Photos taken by John Valesquez at Salamonie Reservoir
This large area contains virtually every habitat found in northeast Indiana. Consequently, it attracts a wide variety of birds, and has probably produced more rarities than any other site in this part of the state. Although Salamonie is not consistently excellent birding, over 100 species can be recorded on good days in late April and May. Much of the area can be driven, but many of the best birding spots require walking. A limited number of trails are handicapped accessible.
Majenica Marsh can be productive for waterfowl and shorebirds in season.
Lost Bridge East SRA offers a great view of the reservoir that can yield waterfowl, gulls, and sometimes eagles in season. To reach this location, enter Lost Bridge East SRA and drive to the parking lot at the end of the entrance road. Walk east from the east end of the lot to a bluff overlooking the east end of the reservoir.
Lost Bridge West SRA contains many areas of interest to birders. At Switchgrass Ponds , waterfowl and waders can be found in season at the western pond, as well as shorebirds in the late summer and fall. The eastern cattail-choked pond may have rails, bitterns and other marsh birds, especially in spring. To reach Switchgrass Ponds turn left just past the gatehouse, then left again at the first opportunity, following signs for a wildlife viewing area. After this second left, jog to the left then quickly to the right past the outhouse to the small parking lot. Another good area for bitterns and rails is a pond located west of the headquarters. To reach it from the area office at Lost Bridge West, take the gravel road west for about 3/4 miles and pull into a parking lot on the right (north) side. Walk a short distance on a lane to the north beside this lot to the pond. The nature center, which is open weekends and most weekday afternoons, has feeders which attract a variety of birds, including winter finches in invasion years. To reach the nature center, return to the main road into Lost Bridge West and take the first right. The second right from the main road leads to the beach, which may have gulls, terns, water birds, and sometimes a few shorebirds when not covered with people. Just before the road to the beach, turn left into a large parking lot. To your left as you enter the lot is the entrance to Tree Trail , which is sometimes good for migrant songbirds. Beyond the turn for the beach, the main road enters the campground. From September through April, proceed straight through the campground to a point on a bluff overlooking the central portion of the reservoir, a good vantage for waterfowl, gulls, and sometimes eagles in season.
Snipe Marsh can be productive for waterfowl, waders, marsh birds and shorebirds in season. Park at the end of the unpaved lane (which may be impassably muddy in wet seasons; if that is the case, park at the entrance to the lane and walk in).
Hilltop Marsh (a.k.a. Five Ponds) area is excellent for migrant waterfowl, rails, bitterns, waders, sparrows, and other songbirds, and may have shorebirds if water levels are low enough. To get to the ponds, find the lane that heads east from the small parking lot to a large brushy field with several ponds. Follow the trail as it bends to the left, then curves several times until it ends at a large pond, then retrace this route to the parking lot. (Note: this trail is not mowed in summer, and may virtually disappear from view.)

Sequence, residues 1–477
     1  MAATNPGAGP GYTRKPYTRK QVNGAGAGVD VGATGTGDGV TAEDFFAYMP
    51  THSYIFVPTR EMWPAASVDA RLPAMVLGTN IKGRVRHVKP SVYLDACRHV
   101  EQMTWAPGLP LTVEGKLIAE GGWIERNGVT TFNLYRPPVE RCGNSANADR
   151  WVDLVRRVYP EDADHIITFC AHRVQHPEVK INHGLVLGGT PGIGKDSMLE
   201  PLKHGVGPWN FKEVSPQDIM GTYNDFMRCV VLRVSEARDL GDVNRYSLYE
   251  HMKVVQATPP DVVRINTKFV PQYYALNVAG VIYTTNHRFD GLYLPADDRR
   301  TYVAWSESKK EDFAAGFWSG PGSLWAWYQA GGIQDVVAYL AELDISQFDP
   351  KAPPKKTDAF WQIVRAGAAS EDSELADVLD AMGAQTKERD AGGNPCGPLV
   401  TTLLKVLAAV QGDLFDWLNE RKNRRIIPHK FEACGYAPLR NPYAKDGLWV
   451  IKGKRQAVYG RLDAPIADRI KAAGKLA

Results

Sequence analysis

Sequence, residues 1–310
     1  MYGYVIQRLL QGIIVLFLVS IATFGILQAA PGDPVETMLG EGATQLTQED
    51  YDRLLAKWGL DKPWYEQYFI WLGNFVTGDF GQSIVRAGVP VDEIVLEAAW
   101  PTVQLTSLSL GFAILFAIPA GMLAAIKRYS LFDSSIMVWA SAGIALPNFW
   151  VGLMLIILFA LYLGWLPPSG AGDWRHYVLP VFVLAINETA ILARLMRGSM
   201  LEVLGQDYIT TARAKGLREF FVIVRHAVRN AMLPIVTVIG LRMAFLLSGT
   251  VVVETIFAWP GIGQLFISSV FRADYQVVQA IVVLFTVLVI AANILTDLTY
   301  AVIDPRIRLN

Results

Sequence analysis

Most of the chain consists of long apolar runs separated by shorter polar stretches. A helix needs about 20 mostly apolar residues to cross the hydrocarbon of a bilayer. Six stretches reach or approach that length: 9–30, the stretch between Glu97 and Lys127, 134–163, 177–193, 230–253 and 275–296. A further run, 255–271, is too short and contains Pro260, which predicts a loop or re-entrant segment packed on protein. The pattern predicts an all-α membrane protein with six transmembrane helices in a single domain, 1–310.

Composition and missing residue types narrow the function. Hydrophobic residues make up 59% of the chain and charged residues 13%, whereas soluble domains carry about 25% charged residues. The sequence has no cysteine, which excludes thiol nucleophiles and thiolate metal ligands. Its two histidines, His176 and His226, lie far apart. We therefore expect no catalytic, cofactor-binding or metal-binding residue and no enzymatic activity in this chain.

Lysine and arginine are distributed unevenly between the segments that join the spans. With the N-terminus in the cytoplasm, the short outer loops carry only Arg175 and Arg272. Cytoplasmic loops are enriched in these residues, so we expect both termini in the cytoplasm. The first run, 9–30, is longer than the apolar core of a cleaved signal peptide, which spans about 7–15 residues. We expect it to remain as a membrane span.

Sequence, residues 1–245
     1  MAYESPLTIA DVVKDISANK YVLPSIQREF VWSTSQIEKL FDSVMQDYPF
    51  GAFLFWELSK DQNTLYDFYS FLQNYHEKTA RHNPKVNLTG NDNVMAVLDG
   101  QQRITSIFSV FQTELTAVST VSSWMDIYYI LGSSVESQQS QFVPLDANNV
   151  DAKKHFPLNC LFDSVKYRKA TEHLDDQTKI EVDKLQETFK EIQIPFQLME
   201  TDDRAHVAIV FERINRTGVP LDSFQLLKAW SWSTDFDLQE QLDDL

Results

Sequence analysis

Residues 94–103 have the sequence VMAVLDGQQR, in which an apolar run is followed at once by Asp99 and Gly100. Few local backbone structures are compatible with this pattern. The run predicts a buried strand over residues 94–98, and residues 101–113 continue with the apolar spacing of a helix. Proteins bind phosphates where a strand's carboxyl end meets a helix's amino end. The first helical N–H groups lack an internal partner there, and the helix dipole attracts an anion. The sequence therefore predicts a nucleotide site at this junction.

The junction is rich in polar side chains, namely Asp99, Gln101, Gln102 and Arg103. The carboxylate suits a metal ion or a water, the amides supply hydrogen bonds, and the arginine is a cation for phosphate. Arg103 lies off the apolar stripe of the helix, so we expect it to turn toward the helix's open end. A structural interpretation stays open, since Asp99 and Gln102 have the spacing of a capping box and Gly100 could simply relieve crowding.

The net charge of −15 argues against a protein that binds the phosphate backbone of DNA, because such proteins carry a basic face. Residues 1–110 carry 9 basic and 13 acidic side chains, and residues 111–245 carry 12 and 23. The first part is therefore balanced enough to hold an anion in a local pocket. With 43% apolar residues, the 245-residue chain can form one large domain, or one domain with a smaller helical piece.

Dora-New Holland SRA is good for waterfowl and gulls in season. To view the reservoir, follow the entrance road until you see a large picnic pavilion on your left, just before the road ends at a boat launch parking lot. Turn left past the pavilion, go to the end of the road, and walk the path to your right to a point overlooking the reservoir.
Salamonie Dam is another good viewing point for waterfowl, gulls, and sometimes terns in season. Just north of the dam, the road dips into a low, open, grassy area known as Salamonie Dam Spillway. Walking west from Salamonie Dam Road to CR 50 S can yield rails–including an occasional Yellow Rail–and LeConte’s Sparrow, typically from late April-early May and late September-early October. Nelson’s Sharp-tailed Sparrow has also been seen at this site.
Salamonie River State Forest is the best area at Salamonie for woodland songbirds. Fire roads 2 and 3 near the west end of State Forest Road are good, as is the riverside bluff in Hominy Ridge Picnic Area at the east end of State Forest Road. Also, from the Hominy Ridge Picnic Area parking lot, walk into the picnic area and then left across the dike at the end of the pond. Continue straight on this trail to a clearing where you can see a building to your left. Then walk to your right on a fire road that will bend left and eventually lead down the riverside bluff into the river bottoms. This has been a good series of trails over the years.
Typical time required to bird the area: 4-8 hours.
The Salamonie area is good for nesting songbirds of both forest and open country, with thirteen species of warblers and many other songbirds nesting here regularly. Migrant passerines can be quite numerous, especially in the State Forest and Five Ponds area. Modest hawk flights occasionally occur in migration–Hominy Ridge Picnic Area in the State Forest and the Five Ponds area have been the best locations for watching hawks. There are good opportunities for migrant rails, bitterns, waders, and shorebirds at Salamonie–the latter depending on water levels. Loons, grebes, waterfowl, gulls, a few terns, and eagles may be encountered on the reservoir itself. There are usually some waterfowl and gulls present until the reservoir freezes solid.
American Bitterns are most likely encountered at Five Ponds, the eastern pond at Switchgrass Ponds, and the pond west of the headquarters at Lost Bridge West (see site description above). The best time to look for this bird is early April through mid-May, peaking around April 20-25.
Louisiana Waterthrushes nest in Salamonie River State Forest and can be found mid-April through late May.
Northern Parulas and Yellow-throated Warblers also nest in the State Forest and are best viewed mid-April through June.
Cerulean , Hooded and Kentucky Warblers are regular nesters in the State Forest but arrive on territory somewhat later. They are most likely encountered mid-May through June.
Prairie Warblers nest just south of Salamonie Dam–the only regular breeding location for this species in northeast Indiana. These birds are reliably present mid-May through June.
Grasshopper, Savannah and Vesper Sparrows , along with Bobolinks and Orchard Orioles , all nest in the grassland areas at Salamonie and along the roads around the reservoir. Mid-May through June is the most reliable time to look for these species.